Assistant Chief Mark Pimmentel presented supervisors with alternatives in order to reduce fiscal impacts.

The first alternative would consolidate the fire stations in Cressey and Ballico into a single operation at the Cressey station by July 1. Station 85 on McKee Road would be eliminated by Oct. 1.

The second alternative would consolidate Dos Palos Wye Station 75 and Dos Palos Station 76. The Cressey and Ballico stations also would be consolidated. The McKee Road Station would be eliminated by Oct. 1 and the Livingston station would be eliminated by July 1.

Several City of Livingston officials like Mayor Jose Moran and Mayor Pro Tem Gurpaul Samra spoke during Tuesday’s hearing, imploring supervisors not to eliminate their station.

“Response times will be about 12 minutes or so. If somebody calls and says (they’re having) a heart attack, there is no use to call 911. You might as well call the morgue at that point. Twelve minutes somebody’s already dead,” Samra said.

Christopher Lopez, Livingston’s interim city manager, said the station in his city is one of the county’s busiest. He added that Livingston residents pay over $1 million in fire taxes for its current level of staffing, plus an additional $150,000 to ensure equipment for the station and its engine.

According to Lopez, county officials have said more than $750,000 will be needed to keep Livingston’s station open with budgeted costs of around $2.3 million.“The city of Livingston and I have equity concerns about whether the city residents are covering more than their fair share of costs,” Lopez said.

District 3 Supervisor Daron McDaniel disagreed with any suggestion the county had not operated in good faith. He said county officials previously made a “handshake” revenue sharing agreement with Livingston. But that agreement was not supported by previous members of the City Council.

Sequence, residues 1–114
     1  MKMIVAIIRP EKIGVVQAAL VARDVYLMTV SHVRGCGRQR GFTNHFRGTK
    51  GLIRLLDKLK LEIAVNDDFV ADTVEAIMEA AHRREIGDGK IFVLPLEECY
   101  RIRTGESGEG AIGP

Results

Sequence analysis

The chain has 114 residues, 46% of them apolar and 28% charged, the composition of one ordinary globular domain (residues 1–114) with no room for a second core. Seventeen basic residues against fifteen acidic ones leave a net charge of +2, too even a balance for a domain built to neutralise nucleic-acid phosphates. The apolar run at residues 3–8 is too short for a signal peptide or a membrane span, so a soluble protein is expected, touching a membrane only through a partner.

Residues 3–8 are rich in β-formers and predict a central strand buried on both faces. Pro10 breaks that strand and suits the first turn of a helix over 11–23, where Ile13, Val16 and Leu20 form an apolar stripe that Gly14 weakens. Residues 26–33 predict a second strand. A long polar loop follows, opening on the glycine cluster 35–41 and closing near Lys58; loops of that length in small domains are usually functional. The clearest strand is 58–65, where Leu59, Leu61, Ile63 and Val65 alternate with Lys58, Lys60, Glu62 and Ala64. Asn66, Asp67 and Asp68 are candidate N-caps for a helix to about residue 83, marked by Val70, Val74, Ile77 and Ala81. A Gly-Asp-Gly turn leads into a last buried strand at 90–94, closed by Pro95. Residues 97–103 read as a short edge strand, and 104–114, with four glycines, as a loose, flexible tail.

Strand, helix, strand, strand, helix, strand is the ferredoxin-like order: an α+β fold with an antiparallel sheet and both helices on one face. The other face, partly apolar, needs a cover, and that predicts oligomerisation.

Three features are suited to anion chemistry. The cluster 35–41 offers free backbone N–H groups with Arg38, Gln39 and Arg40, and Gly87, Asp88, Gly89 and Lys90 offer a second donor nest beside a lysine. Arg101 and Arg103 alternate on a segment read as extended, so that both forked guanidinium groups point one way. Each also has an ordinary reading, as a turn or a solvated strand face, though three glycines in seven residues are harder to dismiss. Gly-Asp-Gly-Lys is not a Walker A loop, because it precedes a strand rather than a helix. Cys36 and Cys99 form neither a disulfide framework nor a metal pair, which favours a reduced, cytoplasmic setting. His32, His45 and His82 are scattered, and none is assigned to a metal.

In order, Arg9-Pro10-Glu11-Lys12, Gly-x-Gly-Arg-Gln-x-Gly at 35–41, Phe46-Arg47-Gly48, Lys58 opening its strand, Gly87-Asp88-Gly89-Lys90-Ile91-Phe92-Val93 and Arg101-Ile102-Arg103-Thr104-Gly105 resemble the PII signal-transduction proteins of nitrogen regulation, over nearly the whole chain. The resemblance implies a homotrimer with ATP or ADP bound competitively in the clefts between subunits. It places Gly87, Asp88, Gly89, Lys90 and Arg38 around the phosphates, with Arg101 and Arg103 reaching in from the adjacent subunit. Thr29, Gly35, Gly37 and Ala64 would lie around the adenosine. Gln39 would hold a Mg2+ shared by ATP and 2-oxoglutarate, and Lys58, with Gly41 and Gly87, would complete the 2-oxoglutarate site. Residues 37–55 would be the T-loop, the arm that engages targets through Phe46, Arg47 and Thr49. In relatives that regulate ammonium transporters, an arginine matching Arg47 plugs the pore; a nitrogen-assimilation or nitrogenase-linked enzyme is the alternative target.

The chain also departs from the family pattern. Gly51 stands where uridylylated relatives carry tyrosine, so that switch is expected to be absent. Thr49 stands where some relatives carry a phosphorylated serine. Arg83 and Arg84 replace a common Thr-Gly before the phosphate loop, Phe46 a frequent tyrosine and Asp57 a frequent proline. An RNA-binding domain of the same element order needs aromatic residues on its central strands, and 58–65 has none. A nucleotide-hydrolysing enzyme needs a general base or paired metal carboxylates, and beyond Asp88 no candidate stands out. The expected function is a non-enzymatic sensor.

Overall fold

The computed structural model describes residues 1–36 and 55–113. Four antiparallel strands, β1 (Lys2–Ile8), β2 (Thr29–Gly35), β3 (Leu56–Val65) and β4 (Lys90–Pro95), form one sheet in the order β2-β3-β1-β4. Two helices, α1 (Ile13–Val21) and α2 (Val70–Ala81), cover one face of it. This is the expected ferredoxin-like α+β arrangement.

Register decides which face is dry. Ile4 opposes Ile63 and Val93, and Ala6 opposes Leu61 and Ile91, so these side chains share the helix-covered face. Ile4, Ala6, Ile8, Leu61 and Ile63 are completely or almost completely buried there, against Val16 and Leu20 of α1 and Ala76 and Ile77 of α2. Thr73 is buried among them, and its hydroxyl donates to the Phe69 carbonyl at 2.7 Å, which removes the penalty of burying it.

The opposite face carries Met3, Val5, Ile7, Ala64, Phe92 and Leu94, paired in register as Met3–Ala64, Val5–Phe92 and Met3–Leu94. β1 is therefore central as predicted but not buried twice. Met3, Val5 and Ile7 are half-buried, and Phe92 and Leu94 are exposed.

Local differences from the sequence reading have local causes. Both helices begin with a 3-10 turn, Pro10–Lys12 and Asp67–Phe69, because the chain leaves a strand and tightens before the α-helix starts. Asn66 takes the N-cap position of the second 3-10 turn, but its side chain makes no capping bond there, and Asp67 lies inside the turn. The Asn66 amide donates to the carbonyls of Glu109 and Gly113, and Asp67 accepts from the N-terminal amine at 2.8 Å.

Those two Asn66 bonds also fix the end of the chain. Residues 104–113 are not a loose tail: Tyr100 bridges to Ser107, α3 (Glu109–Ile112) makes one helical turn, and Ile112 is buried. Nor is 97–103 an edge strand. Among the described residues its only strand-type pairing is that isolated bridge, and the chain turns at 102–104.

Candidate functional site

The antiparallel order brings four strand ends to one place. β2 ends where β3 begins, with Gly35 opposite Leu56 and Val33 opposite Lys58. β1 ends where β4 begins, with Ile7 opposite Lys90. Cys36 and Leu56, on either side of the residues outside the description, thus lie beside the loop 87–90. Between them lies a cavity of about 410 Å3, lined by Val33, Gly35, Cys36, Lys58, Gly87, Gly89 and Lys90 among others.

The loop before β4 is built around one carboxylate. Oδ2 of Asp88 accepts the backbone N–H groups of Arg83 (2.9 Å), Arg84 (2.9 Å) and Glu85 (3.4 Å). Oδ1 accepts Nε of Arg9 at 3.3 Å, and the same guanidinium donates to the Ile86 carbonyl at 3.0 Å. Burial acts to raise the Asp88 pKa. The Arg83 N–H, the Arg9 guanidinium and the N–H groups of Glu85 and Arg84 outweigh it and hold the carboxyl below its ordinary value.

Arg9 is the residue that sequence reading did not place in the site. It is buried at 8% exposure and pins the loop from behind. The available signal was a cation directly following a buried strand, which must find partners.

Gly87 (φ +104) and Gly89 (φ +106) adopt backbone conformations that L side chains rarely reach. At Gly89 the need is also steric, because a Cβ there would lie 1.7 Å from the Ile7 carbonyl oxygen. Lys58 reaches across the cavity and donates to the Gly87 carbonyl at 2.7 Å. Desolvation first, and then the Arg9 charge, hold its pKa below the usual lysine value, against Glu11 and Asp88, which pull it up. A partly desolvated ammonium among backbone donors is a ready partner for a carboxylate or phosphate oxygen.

“To say that the county has never stepped up is completely false. I put a lot of time and effort into it. I gave a lot that I probably wouldn’t give in negotiations to make it happen, just to make it happen.”

Later, McDaniel added, “I just want to tell the City of Livingston that you guys are an incorporated city. Incorporated cities have fire departments. But you guys are looking at the county to provide your fire service.”

District 2 Supervisor Josh Pedrozo, whose district includes the UC Merced area, said the university needs to pay its fair share for the McKee Station, which is in relatively close proximity to the school.

Pedrozo said he’s had multiple talks with UC Merced officials about the station.“They are paying $400,000 for a service that is easily $1 million,” Pedrozo said. “(The firefighters) are going out there – 33% of the calls, doesn’t sound like a lot. But that’s just the first engine call. They are going out there repeatedly.”

Despite the difficult choices in front of leaders, officials said they are applying for a federal Staffing for Adequate Fire and Emergency Response grant, which would support 15 additional firefighters.

That grant would help keep fire stations open and buy the county some time. “That helps us a lot if we’re able to get that grant and it staves off some of these cuts, relocations, however you want to cut it,” Silveira said.

Lopez, Livingston’s city manager, said his staff are about to deploy a survey to determine the community’s appetite for a tax measure that would support public service levels.

Samra told The Merced FOCUS although the language for that tax measure is still being determined, it could be on the city’s ballot by November.

About the Author

Victor Patton is editor-in-chief of The Merced FOCUS, a nonprofit newsroom covering the San Joaquin Valley